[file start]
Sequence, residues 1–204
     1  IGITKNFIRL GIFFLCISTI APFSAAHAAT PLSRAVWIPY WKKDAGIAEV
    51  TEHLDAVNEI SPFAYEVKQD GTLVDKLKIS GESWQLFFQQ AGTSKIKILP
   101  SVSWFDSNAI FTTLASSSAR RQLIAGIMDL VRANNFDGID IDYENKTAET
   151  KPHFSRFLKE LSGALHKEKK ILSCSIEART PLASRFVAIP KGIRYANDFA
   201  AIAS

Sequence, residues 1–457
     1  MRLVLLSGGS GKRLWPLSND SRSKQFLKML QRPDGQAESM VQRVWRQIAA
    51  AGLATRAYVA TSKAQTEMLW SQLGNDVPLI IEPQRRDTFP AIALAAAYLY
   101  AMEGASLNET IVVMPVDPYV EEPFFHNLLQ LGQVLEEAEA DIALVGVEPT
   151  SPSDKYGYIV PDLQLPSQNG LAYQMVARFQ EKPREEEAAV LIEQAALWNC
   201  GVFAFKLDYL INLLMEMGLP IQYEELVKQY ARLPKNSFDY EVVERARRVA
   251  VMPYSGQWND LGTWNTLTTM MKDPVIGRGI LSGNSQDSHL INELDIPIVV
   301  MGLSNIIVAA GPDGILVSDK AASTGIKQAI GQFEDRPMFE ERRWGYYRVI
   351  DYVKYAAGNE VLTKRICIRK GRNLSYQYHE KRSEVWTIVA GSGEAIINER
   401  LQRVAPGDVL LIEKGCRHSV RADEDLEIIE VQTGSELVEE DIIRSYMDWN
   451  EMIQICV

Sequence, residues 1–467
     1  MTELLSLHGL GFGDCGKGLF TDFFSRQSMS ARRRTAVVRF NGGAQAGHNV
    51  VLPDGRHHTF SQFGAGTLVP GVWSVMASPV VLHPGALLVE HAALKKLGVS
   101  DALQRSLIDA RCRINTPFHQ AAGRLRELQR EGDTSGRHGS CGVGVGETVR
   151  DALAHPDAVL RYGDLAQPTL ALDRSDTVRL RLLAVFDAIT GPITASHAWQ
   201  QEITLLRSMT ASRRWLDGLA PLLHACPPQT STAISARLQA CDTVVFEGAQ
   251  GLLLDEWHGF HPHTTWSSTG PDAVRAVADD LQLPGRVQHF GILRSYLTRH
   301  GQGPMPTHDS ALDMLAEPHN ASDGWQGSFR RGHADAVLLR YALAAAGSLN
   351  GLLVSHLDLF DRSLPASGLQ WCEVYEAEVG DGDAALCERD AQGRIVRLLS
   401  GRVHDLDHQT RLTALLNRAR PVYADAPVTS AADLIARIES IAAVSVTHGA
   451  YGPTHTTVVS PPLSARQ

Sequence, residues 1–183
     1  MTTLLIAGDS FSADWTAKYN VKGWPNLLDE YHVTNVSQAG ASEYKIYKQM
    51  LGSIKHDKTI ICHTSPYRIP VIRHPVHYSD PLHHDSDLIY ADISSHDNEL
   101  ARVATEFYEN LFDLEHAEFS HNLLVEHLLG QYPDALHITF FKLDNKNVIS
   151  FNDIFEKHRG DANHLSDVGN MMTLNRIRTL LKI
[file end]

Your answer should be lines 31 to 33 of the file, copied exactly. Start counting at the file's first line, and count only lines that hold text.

    51  LGSIKHDKTI ICHTSPYRIP VIRHPVHYSD PLHHDSDLIY ADISSHDNEL
   101  ARVATEFYEN LFDLEHAEFS HNLLVEHLLG QYPDALHITF FKLDNKNVIS
   151  FNDIFEKHRG DANHLSDVGN MMTLNRIRTL LKI